UK Authorities Fine Sony for "Serious Breach" of Data Protection Act
January 24, 2013 9:34 AM
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Sony find over $390,000 for security breach in the UK
Back in 2011, Sony was the victim of a massive
that saw the PlayStation Network database breached. In the attack, the hackers made off with details from 77 million accounts including credit card information. The attack resulted in Sony apologizing profusely and offering affected customers free video games and credit-watching services.
Sony Computer Entertainment Europe has now been hit with a £250,000 fine, which works out to roughly $396,100. The fine levied against Sony was for a "serious breach" of the Data Protection Act. According to authorities in the UK, the April 2011 hack "could have been prevented." The Information Commissioners Office (ICO) also criticized Sony for not having up-to-date security software.
"If you are responsible for so many payment card details and log-in details then keeping that personal data secure has to be your priority," said David Smith, deputy commissioner and director of data protection at the ICO.
Sony says that it "strongly disagrees" with the UK ruling and plans to appeal.
"Criminal attacks on electronic networks are a real and growing aspect of 21st century life and Sony continually works to strengthen our systems, building in multiple layers of defence and working to make our networks safe, secure and resilient," a spokesman Sony added.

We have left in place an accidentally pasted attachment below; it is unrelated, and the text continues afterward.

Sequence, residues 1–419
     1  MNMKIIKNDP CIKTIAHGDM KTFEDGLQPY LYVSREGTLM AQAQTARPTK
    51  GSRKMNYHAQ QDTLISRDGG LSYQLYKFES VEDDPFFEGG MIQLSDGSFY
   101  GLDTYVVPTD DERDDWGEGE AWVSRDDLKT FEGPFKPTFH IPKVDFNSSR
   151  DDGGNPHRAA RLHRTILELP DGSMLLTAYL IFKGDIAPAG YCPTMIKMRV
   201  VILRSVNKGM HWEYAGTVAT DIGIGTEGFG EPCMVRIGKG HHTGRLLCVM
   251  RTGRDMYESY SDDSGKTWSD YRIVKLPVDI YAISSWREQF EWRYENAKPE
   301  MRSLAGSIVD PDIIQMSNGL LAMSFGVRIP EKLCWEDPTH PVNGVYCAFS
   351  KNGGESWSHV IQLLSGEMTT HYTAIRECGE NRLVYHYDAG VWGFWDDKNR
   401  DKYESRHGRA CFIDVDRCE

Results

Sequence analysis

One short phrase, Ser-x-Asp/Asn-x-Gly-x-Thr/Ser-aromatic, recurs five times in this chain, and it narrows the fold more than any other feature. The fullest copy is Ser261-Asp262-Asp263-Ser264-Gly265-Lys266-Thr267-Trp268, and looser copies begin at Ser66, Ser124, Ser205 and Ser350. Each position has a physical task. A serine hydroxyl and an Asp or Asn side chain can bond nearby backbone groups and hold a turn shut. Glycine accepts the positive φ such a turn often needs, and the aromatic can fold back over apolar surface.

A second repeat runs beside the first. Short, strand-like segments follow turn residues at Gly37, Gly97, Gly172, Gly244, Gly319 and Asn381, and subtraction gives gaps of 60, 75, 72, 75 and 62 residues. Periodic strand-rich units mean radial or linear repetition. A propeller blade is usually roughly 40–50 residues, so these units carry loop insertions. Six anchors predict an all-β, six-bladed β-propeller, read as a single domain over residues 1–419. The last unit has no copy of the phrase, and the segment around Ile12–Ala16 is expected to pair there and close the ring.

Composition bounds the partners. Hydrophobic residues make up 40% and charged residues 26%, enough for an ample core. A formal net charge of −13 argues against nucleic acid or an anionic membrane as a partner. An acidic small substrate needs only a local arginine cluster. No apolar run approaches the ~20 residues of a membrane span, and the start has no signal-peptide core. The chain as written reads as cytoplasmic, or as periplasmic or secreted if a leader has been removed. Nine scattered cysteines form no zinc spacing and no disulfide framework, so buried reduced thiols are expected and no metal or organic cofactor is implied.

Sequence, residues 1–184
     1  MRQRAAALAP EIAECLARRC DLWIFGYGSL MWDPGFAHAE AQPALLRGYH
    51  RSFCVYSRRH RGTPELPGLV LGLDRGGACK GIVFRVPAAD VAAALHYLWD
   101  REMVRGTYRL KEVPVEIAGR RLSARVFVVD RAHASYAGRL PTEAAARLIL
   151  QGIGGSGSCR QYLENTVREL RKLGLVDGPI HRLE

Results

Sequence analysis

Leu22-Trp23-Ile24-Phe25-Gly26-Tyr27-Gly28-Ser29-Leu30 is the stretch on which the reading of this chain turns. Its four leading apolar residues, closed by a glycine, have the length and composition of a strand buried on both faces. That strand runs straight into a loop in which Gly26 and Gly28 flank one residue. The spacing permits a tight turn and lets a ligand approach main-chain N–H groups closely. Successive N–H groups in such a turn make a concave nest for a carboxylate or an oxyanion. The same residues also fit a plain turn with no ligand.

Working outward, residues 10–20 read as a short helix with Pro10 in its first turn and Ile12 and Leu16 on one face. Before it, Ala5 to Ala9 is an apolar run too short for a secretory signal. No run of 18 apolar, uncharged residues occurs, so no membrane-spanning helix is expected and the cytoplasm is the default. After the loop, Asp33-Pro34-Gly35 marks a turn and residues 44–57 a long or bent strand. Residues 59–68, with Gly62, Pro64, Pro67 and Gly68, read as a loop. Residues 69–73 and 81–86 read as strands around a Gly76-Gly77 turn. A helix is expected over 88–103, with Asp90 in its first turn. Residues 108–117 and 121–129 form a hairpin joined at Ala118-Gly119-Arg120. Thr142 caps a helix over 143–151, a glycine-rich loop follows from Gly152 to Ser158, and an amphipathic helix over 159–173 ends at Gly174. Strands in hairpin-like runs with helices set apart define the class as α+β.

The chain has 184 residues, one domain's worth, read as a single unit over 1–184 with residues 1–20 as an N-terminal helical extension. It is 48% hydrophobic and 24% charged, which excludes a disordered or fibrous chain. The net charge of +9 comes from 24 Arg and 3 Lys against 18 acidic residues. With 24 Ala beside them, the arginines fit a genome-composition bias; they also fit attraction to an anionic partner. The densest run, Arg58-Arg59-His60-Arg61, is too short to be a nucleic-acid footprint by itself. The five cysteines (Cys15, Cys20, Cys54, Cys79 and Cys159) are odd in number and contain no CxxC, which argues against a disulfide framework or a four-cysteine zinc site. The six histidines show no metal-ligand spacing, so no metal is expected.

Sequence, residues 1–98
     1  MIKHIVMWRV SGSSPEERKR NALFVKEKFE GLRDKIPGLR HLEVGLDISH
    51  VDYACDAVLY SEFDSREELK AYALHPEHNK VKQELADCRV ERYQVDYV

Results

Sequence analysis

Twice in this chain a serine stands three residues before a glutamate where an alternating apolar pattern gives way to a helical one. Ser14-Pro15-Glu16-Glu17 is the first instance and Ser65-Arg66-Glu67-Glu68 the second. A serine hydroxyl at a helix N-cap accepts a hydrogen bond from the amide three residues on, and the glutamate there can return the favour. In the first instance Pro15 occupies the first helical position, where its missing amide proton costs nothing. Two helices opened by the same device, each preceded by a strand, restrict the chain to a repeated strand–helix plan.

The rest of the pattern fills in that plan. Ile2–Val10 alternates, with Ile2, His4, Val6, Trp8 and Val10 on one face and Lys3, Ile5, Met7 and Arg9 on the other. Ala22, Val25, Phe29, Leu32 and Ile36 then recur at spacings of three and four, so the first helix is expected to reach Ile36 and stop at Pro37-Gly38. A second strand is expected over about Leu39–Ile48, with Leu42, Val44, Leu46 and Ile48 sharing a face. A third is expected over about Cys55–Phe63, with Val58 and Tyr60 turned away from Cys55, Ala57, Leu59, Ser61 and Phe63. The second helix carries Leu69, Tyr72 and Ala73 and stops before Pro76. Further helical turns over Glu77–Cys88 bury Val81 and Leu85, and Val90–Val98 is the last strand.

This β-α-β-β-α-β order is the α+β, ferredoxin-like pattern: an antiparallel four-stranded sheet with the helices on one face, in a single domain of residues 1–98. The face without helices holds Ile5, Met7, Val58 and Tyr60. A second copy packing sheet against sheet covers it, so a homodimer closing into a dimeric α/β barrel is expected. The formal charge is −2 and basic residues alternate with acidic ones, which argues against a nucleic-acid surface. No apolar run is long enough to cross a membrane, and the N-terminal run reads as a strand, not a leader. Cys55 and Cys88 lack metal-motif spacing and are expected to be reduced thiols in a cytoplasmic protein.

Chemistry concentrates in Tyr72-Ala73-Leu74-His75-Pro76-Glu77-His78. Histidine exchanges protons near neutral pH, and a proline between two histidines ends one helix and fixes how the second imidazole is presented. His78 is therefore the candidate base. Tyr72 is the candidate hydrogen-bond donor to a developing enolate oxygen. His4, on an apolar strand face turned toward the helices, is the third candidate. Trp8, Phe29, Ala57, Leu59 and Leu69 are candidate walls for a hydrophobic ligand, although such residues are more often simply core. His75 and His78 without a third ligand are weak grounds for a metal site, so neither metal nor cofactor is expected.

Sony says that it has rebuilt its network to make it more secure since the hacks.
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Slap on the Wrist
1/24/2013 9:59:30 AM
So my handy-dandy calculator says that Sony is being fined $.0051~ per account that was violated.
Meanwhile, each song pirated is somehow worth $250,000.
RE: Slap on the Wrist
1/24/2013 1:23:00 PM
The real cost is that there are many people who wont buy a PlayStation again.
I know that I won't. I've bought a PS1, PS2 and PS3, but my next console will probably start with an X.
Mostly because of Sony's pretty poor record, and partly because they as eem to do a better job of stopping me from moving my saved games from a YLOD PS3 to another one than they do of protecting my personal data on their servers.
If they'd made moving my games over easier, they'd have had another PS3 sale and no doubt a few game sales over the last 6 months too, but they really don't seem to care.
"We basically took a look at this situation and said, this is bullshit." -- Newegg Chief Legal Officer Lee Cheng's take on patent troll Soverain
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